Dean of Learning
A recent article in the Sydney Morning Herald titled “The rise of the helicopter parent at Australian universities” discussed the increase in the number of parents who want to “rescue” their adult children. (SMH April 28, 2019). While relatively new in universities, this phenomenon has been apparent in schools for many years now as parents try to protect their children from failure and disappointment. Of course, it is important that parents remain engaged in the lives of their children and take an interest in their studies. There is however, a fine line between wanting success for our children and not allowing them to falter or experience disappointment. Not allowing children to fail can in fact achieve the exact opposite of what parents would hope to achieve.
It is impossible to live without failing at something, unless you live so cautiously that you might as well not have lived at all, in which case you have failed by default.
Failure, while painful, is a vital part of living and is one of life’s best teachers. There are many lessons to be gained from failing at something. First, we gain experience. When we do not immediately succeed at something, we are altered and walk away with firsthand experience. This allows us to reflect on what occurred and helps us to develop a deeper understanding. We gain knowledge. As a result of failing, we learn directly what works and what doesn’t. We become more resilient. We learn that in order to succeed we need to persevere and that success does not always come easily. We grow. When we fail and try again, we change and adapt. We learn to value our failures. In fact, we often learn more from our failures than from our successes. The real issue is that society tends to celebrate the successes rather than highlighting the epic journeys towards success that are filled with trials, tribulations, upsets, setbacks, and failures.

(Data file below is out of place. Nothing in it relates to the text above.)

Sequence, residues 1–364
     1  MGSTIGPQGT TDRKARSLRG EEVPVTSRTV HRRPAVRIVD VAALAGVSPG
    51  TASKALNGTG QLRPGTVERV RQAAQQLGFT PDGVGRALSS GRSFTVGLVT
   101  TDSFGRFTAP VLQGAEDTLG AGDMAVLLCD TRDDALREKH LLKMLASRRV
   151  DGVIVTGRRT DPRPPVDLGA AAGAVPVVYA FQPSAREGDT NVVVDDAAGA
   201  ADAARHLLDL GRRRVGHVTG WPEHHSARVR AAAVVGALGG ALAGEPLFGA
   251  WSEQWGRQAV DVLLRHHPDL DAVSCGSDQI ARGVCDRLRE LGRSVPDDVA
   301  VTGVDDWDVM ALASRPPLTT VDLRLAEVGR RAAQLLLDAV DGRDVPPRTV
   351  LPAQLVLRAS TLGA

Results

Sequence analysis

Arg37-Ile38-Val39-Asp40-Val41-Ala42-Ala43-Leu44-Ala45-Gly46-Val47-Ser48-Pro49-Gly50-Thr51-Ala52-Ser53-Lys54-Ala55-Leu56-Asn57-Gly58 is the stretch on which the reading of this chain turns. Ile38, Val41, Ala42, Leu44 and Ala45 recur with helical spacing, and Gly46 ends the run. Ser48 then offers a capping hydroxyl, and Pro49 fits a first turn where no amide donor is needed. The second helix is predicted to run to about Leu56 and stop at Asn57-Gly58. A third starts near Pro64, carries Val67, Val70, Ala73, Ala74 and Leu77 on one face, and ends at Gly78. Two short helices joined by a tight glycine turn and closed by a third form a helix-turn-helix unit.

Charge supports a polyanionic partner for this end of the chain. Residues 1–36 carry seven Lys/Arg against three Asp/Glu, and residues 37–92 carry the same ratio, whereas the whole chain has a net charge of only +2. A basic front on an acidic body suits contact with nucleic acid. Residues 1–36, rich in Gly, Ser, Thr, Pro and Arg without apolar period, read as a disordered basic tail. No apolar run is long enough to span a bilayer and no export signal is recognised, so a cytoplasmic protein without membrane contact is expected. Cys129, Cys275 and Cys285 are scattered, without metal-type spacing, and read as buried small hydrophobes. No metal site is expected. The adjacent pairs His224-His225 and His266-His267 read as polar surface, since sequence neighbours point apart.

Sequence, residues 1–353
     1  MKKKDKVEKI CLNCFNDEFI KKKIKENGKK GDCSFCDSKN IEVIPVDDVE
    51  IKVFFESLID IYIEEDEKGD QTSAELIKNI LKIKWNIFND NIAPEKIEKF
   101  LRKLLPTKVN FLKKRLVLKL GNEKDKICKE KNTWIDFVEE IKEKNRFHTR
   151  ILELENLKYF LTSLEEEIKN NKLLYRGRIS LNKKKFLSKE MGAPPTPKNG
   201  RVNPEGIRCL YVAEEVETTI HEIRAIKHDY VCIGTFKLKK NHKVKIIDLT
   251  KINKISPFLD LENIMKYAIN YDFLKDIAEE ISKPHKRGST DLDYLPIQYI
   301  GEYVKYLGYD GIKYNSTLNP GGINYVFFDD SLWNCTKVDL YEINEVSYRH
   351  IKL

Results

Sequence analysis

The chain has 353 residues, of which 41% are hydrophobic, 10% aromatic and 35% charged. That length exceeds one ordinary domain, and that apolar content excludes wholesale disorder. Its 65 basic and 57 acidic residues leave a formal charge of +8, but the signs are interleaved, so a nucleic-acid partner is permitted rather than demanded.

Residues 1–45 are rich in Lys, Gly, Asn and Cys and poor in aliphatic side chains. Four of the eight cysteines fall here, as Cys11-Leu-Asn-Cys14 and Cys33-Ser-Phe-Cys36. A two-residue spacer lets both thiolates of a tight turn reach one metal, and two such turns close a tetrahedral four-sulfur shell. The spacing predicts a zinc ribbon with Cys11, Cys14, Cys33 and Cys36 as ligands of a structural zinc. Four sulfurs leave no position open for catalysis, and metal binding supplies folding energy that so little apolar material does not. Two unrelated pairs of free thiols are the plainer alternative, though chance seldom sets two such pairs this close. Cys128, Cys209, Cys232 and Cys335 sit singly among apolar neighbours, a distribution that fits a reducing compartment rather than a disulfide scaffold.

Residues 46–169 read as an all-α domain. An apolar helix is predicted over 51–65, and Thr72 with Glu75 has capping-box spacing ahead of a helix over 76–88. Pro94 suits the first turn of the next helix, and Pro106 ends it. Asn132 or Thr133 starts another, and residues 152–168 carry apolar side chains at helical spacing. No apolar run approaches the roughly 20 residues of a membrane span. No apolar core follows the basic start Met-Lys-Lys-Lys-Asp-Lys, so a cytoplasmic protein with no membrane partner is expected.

I have not failed. I’ve just found 10,000 ways that won’t work.
Thomas A. Edison
Here at Loreto, we encourage our students to take risks in their learning. We understand that failure is an important part of the learning experience and that learning to respond to failure is critical. Failure is an inevitable, and essential, part of life. Failure can bolster the motivation to overcome the obstacles that caused the failure. It shows children what they did wrong so they can correct the problem in the future. Failure connects actions with consequences which helps students gain ownership of their efforts. By reframing failure as a natural part of the learning process rather than as a negative end result, the stigma can be taken out of failure and students can learn to see failure as their friend. The skills we want our students to take with them beyond school are ones they’ll practise throughout their lifetime. We can begin by equipping them with the understanding that embracing failure and overcoming fear are both a part of living and learning.
Mrs Maryse Martin
Dean of Learning